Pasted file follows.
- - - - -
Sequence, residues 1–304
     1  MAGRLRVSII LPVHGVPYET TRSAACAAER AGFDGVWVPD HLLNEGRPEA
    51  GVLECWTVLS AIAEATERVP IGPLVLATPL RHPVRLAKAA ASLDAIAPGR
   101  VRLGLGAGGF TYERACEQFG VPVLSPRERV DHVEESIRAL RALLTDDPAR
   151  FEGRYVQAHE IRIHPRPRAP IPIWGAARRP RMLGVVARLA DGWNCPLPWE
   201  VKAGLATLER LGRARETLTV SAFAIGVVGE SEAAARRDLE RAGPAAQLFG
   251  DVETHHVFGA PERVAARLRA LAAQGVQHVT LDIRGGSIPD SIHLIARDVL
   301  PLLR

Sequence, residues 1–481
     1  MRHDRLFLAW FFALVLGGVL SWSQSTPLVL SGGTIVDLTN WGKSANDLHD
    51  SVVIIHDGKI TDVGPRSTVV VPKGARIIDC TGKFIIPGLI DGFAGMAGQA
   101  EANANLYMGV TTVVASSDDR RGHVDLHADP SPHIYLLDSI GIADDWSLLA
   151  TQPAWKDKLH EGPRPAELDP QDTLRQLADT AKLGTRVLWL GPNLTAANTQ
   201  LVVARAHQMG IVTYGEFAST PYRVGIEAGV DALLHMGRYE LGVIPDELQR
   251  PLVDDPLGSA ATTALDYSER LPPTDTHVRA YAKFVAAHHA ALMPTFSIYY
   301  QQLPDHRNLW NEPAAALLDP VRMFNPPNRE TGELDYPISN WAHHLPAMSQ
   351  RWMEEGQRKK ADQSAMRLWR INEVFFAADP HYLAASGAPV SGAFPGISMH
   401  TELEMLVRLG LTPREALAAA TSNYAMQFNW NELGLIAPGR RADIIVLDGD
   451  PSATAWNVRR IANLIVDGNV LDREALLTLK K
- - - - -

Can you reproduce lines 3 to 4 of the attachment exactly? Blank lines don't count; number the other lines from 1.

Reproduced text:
    51  GVLECWTVLS AIAEATERVP IGPLVLATPL RHPVRLAKAA ASLDAIAPGR
   101  VRLGLGAGGF TYERACEQFG VPVLSPRERV DHVEESIRAL RALLTDDPAR